COVID-19 Vaccine FAQ
COVID-19 Vaccine FAQs
How do I get vaccinated against COVID-19?
Getting a COVID-19 vaccine will depend on several factors, and supplies will be limited initially. Maryland will distribute the vaccine to priority groups in order of risk:
For more information, see the Maryland COVID-19 Vaccination Plan fact sheet.
Will I have to pay for covid-19 vaccination?
According to the CDC, vaccine doses purchased with U.S. taxpayer dollars will be given to the American people at no cost. However, vaccination providers will be able to charge a fee for giving the shot to someone. This fee may be paid by the public or private insurance or, for uninsured patients, by the Health Resources and Services Administration’s Provider Relief Fund. The health department will work with local partners to make sure people who may have trouble accessing the vaccine can be vaccinated.
What if I am a healthcare provider and want to be vaccinated?
Healthcare providers can visit our provider web page at https://cchd.maryland.gov/covid-19-information-for-providers/ and complete a survey about vaccination needs for themselves and/or their practices. The Health Department will contact providers when vaccinations are available. We encourage any providers who are able to consider providing COVID-19 vaccination for their patients when possible.
What are the side effects of the COVID-19 vaccine?
- Mild side effects are normal and mean that the vaccine is working. The new COVID-19 vaccines are more “reactogenic” than the flu vaccine, meaning you may have symptoms that are signs of the body’s immune response to the vaccine.
- The most common side effect is soreness in the arm where you received the shot. Other side effects may include fatigue, headache, muscle aches, chills, joint pain, and fever.
- It may be hard to tell if it you are having side effects from the vaccine or if you are sick. However, the vaccine will NOT cause you to have a cough, runny nose, sore throat, or shortness of breath. If you develop any of these symptoms, talk to your healthcare provider.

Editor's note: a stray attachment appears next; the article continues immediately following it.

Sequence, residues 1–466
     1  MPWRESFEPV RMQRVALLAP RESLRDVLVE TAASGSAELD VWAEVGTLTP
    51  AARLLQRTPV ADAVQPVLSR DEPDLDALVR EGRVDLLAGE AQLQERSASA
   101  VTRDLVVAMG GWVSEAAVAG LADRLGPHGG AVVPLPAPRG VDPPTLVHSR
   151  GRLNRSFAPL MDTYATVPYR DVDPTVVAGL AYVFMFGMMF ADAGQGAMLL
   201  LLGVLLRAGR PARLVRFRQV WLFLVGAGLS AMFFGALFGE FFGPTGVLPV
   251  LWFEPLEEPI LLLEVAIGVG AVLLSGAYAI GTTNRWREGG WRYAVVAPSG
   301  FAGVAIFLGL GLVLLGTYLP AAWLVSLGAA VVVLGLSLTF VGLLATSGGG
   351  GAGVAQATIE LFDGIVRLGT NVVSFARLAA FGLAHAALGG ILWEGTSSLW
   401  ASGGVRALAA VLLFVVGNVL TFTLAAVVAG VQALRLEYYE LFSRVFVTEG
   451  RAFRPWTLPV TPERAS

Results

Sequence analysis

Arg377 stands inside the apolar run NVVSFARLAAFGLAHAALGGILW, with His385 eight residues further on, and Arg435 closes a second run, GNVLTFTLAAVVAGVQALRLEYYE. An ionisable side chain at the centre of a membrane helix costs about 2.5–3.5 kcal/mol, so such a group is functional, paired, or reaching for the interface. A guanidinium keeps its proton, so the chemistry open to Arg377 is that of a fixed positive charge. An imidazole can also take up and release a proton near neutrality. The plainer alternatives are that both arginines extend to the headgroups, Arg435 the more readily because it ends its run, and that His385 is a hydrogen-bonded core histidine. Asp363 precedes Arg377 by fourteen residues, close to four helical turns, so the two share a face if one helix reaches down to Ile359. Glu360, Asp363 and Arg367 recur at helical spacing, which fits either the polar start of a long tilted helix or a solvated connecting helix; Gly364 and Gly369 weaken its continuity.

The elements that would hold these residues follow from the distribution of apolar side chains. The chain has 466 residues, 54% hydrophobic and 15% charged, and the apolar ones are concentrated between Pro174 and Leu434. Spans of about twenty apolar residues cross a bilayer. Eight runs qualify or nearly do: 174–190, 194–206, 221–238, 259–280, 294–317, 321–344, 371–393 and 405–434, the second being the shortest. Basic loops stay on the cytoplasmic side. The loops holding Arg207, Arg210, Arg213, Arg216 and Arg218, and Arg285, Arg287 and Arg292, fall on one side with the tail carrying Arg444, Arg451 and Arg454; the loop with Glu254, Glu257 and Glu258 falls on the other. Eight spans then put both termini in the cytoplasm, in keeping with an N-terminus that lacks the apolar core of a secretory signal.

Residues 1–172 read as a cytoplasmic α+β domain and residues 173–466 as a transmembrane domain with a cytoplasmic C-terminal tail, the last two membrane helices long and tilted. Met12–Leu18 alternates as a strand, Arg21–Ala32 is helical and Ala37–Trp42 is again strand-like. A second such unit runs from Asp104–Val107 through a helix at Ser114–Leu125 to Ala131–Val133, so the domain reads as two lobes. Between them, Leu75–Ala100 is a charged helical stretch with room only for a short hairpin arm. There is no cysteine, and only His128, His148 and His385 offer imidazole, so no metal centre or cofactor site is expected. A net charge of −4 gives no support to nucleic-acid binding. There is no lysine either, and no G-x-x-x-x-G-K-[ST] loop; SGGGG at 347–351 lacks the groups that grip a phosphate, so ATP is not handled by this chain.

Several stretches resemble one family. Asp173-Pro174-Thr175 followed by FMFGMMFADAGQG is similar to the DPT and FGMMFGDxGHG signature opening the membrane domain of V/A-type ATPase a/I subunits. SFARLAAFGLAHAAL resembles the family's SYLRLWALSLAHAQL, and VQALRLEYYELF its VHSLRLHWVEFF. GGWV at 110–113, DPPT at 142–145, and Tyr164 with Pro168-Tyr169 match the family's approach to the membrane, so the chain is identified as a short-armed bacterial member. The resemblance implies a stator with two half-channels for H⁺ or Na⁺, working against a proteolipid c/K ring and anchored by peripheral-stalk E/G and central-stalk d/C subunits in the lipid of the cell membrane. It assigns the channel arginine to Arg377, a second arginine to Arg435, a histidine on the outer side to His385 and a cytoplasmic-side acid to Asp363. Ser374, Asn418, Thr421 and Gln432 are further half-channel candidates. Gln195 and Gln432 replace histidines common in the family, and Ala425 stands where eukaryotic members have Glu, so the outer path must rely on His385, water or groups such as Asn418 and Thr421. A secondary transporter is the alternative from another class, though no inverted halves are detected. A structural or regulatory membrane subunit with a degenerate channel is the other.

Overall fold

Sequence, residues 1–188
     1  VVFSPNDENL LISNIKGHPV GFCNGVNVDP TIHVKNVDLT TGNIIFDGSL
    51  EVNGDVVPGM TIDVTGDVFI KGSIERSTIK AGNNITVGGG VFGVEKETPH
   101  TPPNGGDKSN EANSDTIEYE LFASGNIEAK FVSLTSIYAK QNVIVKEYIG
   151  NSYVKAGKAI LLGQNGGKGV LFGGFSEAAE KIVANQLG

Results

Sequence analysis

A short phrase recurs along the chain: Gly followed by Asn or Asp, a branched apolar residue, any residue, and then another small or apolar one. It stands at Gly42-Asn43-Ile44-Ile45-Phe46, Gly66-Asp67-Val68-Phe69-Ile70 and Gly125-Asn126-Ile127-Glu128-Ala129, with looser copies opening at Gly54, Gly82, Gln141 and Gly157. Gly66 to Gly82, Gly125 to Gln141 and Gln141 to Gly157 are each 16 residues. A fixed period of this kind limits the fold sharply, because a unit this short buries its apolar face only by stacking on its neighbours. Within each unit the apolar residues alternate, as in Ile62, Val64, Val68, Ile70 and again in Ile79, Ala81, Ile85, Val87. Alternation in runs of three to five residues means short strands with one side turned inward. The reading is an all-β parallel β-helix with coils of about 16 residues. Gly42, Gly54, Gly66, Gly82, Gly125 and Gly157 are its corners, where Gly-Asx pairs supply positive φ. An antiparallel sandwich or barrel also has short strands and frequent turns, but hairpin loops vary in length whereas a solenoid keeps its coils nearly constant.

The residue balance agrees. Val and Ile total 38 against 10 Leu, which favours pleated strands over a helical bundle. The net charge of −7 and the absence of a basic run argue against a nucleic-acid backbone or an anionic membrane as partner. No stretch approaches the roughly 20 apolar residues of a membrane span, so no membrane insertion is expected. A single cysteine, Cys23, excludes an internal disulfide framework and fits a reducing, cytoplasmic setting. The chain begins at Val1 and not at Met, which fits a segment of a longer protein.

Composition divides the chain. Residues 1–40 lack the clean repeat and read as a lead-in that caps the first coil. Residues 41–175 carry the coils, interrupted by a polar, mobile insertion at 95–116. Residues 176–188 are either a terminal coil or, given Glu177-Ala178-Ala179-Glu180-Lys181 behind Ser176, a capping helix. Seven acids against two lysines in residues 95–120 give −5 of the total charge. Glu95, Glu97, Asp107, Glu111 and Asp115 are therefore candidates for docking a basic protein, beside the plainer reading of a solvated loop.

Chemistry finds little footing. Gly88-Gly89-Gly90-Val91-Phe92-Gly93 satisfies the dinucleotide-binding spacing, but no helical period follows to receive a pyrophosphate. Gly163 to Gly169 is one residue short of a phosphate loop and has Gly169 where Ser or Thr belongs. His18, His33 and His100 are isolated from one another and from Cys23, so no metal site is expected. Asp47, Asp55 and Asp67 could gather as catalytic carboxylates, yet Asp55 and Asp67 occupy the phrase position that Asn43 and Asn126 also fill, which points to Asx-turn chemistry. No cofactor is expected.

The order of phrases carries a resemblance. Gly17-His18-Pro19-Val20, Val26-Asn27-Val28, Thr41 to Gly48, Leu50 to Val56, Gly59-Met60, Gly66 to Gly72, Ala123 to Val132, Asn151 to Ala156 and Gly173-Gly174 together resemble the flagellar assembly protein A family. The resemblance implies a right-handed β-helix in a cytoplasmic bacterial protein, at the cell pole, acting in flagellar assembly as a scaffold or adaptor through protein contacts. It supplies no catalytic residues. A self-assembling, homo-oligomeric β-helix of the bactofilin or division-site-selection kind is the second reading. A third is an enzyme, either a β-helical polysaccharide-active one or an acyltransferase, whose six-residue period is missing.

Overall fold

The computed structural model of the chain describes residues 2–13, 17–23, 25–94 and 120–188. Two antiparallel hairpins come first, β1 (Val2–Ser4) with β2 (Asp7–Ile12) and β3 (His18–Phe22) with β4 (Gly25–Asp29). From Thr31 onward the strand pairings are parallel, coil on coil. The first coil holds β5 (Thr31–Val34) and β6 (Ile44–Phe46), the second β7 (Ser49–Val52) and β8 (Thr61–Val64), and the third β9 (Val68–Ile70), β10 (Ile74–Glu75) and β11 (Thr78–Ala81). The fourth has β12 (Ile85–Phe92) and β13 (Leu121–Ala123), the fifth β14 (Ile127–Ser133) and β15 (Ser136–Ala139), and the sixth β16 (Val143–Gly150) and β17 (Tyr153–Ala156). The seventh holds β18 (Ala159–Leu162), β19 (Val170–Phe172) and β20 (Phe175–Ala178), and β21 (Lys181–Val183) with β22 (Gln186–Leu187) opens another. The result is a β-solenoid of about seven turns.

- Side effects are more common after the second dose.
- In vaccine trials, side effects were milder in people over 55.
- The vaccine cannot give you COVID-19.
Should I get the vaccine if I have allergic reactions to some vaccines?
- If you have had a severe allergic reaction to any ingredient in an mRNA COVID-19 vaccine, you should not get either of the currently available mRNA COVID-19 vaccines.
- If you have had an immediate allergic reaction—even if it was not severe—to a vaccine or injectable therapy for another disease, ask your doctor if you should get a COVID-19 vaccine.
- The CDC recommends that people with a history of other severe allergic reactions get vaccinated.
For more information, visit https://www.cdc.gov/coronavirus/2019-ncov/vaccines/safety/allergic-reaction.html
What if I have a medical condition? Can I be vaccinated?
The Carroll County Health Department (CCHD) cannot provide any medical advice regarding whether or not you should receive the vaccine. You should talk to your healthcare provider before signing up to receive the vaccine. The CCHD reserves the right to decline to vaccinate any individual we do not feel safe vaccinating as we have limited medical support services on site. For CDC information on underlying health conditions and COVID-19 vaccination: https://www.cdc.gov/coronavirus/2019-ncov/vaccines/recommendations/underlying-conditions.html
I am in quarantine. Can I be vaccinated?